(Well. That, and the fact that I have NO FREAKIN' CLUE what to do next year. --Editor)
To prove my point, I asked my Director of Studies why he hasn't replied my emails yet. It turns out that he never received any of them, thanks to a combination of an extremely efficient and paranoid email filter program, and the pure bad luck of my university email address containing the letters A, S and S. In that order. (Yes. Uh. Those are my initials. Don't ask. --Editor)
So, some background information! *opens University prospectus* At Cambridge, medics in our third year have the option of choosing any subject out of a range of choices in the Natural Sciences course, or transferring to another subject entirely. Completion of this course leads to a B.A. degree, and-- what's that? You're asleep already? Okay then, in short, I need to choose a subject for next year so I can stop learning about itty-bitty little molecules and how they make love with each other in some enzyme's Protein Groove Of Luuurve, and actually learn how to be a real-life doctor.
So why can't I do this by myself? Well, it has to do with the fact that at this point my brain is so full of drug names that I have the decision-making capacity of Britney Spears in a hair salon. Plus the option list looks like this:
For ease and clarity (and so I can procrastinate some more --Ed) I will use famous people (and one famous place) to associate with each option I'm considering. See if you can match them up before we're done. Ready? Here's the list of options:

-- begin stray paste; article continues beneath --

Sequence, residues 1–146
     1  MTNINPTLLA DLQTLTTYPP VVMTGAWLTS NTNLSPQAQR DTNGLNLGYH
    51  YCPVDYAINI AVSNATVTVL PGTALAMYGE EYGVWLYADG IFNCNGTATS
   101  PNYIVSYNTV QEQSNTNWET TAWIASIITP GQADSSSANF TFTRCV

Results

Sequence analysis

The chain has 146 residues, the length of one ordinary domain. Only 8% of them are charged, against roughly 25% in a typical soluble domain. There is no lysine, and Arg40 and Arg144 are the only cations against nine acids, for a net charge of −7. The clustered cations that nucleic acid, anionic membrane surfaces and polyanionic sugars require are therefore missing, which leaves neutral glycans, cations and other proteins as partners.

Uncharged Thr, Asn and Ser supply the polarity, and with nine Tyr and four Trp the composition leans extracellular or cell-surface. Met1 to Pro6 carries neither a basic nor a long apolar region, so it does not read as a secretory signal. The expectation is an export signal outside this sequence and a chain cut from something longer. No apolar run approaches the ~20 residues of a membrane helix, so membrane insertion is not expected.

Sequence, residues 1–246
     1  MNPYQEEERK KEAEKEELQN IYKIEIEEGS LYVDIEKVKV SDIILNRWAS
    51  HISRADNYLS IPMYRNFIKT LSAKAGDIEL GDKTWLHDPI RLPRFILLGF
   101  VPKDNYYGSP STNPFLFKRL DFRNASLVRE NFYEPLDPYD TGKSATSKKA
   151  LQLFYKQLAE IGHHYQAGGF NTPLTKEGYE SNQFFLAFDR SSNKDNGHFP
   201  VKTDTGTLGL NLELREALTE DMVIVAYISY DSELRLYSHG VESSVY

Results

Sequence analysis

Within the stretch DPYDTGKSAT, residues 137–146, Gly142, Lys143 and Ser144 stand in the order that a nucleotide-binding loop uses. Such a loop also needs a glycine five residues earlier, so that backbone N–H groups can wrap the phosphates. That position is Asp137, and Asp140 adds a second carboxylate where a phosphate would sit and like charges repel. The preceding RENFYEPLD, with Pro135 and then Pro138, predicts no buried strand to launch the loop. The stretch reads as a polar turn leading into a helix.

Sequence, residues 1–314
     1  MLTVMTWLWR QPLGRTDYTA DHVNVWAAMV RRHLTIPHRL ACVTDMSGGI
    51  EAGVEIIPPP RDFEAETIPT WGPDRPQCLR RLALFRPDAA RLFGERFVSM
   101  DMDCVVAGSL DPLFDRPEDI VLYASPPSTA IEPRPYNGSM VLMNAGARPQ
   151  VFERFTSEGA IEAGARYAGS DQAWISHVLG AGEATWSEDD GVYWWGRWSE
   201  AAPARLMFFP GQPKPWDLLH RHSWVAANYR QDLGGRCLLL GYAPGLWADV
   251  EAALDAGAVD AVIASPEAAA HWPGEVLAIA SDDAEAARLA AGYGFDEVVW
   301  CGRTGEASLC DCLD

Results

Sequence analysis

3. Experimental Psychology
4. History and Philosophy of Science
and here's the list of famous people (and one place):
1. Forrest Gump
2. Haley Joel Osment
3. Courtney Love
4. Lindsay Lohan
5. New Orleans, Louisiana
Right. Let's start with Pathology. Cells, both living and dead, and the diseases they cause. I'm leaning towards this because one of the pathology courses is really clinical, and I wanna learn what to do if, oh I don't know, someone fainted in a roomful of Cambridge medics? Plus I find it really fun, and Pathologists Anonymous is one of my favourite blogs. This one was easy: Haley Joel Osment.
Next up, Pharmacology! Lots and lots of drugs and their mechanisms. Pros: It's interesting, and clinically relevant as doctors use drugs. Cons: You're not sure what use it has in real life, and there's lots of drugs involved. Kinda like Lindsay Lohan.
Experimental Psychology is fun. Besides getting more lectures from Borat's cousin Simon Baron-Cohen, I like poking around in people's heads and learning how we think. My parents also support me taking this option, because they hope that one day I'll learn enough to be able to cure my own mental retardation. The cons: It's all mental. Like Courtney Love.
History and Philosophy of Science: Ahhh, the honeymoon. Incorporated into the course to accommodate the many medics who accumulate so much mental damage from the first 2 years that they need some time out, this is a mostly theoretical option with no practicals and lots of off-time. Answer: New Orleans. (The Big Easy. Geddit? AHAHAHA how witty am I? Hire me now, Comedy Central! --Ed)
And finally, the Big Opt-Out: Law. We're also allowed to do non-medical subjects, and some medics take a 2-year conversion course to law. You get to go back to medicine after 2 years, of course, and graduate eventually with 2 degrees, but the main thing for me is that it means I can escape medicine for a coupla years. Or, as one medic-turned-lawyer put it to me: "RUN FORREST RUN!"
So there ya have it. How'd you score? But more importantly:
What would YOU choose?
P.S. A very sincere thank you to all of you who left comments and advice on my previous post. It was heartwarming to know that so many people cared, and that there are some good people in the world. No, that's NOT a tear in my eye, okay? It's just, uh, a splinter of wood from my last bout of banging my head against the table in despair. I find it therapeutic.